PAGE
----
I have a household of picky eaters (one is only 15 months old and doesn’t have all his teeth in, one is your typical 3-year-old who would live on peanut butter sandwiches if I let him, one is an adult with some unusual psychological issues in regards to food, and I am diabetic); usually I offer to bring something that they will eat to ease the host’s/hostess’s stress (and I can always adapt or not stick to my diet for the occasional meal). What would you think about offering them the opportunity to bring their own dish?

    • Mary

      I’m a vegetarian, and a lot of my relatives are accommodating, but they don’t really know what to feed me. I usually ask if there’s anything I should bring (even when the dinner isn’t potluck) and then I suggest that I bring an entree for myself that other people can share as a side dish. I know how it’s made, I know that it’s really vegetarian, and it solves problems that other people wouldn’t think of — like not putting marshmallows on the sweet potatoes at Thanksgiving!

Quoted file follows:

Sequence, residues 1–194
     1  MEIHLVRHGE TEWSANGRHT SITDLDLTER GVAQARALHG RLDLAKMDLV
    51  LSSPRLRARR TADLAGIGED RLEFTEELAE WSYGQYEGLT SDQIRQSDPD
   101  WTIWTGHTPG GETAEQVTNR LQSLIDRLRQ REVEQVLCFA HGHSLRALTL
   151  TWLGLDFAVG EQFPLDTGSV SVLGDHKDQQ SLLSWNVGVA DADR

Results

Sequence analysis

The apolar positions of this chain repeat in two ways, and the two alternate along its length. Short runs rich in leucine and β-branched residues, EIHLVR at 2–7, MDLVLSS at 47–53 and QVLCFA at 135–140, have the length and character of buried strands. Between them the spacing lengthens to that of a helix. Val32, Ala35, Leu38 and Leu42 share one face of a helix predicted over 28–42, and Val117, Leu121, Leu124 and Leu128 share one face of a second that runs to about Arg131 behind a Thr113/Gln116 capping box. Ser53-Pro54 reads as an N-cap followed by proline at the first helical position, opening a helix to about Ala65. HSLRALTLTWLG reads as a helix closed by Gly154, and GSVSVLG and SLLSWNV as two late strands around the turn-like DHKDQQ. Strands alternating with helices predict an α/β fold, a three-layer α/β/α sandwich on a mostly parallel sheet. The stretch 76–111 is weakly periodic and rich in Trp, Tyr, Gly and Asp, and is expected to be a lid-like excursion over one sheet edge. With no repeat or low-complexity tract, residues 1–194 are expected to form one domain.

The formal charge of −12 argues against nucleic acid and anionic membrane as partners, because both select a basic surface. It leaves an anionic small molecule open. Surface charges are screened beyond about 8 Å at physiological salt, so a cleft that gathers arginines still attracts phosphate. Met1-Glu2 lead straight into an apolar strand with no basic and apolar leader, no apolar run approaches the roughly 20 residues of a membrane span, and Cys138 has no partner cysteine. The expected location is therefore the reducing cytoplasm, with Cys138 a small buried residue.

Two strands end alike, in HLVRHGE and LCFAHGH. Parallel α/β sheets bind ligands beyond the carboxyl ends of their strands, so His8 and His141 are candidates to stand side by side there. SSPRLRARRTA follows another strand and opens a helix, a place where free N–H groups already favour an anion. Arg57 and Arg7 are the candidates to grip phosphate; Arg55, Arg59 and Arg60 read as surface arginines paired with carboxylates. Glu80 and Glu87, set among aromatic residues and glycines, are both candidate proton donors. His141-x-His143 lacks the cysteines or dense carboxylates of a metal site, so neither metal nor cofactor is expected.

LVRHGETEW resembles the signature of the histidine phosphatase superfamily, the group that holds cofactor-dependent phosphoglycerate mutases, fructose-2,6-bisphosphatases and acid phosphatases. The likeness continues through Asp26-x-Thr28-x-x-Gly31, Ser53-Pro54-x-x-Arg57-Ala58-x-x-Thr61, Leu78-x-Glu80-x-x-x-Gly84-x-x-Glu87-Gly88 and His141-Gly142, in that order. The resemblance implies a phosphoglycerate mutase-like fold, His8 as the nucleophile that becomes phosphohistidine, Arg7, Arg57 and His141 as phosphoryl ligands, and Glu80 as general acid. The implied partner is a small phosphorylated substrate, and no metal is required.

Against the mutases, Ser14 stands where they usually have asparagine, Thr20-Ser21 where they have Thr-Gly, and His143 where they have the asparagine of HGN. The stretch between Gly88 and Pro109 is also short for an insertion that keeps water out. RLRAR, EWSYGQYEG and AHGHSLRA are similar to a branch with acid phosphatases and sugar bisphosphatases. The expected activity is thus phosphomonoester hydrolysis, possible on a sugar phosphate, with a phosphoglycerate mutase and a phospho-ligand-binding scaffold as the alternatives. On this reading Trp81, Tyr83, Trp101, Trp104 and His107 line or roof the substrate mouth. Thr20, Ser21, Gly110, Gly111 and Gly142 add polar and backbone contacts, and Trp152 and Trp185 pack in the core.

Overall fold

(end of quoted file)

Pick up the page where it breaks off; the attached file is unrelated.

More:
There are occasionally events where I just can’t eat anything (try being a vegetarian at a kosher seder some time — no dairy, no wheat, no potatoes, no rice, no beans…), so I “pregame” and eat a small, quick meal beforehand. That way I’m not starving while everyone else chows down and I can enjoy everyone’s company without wondering when my food’s going to show up.

  7. Female Professional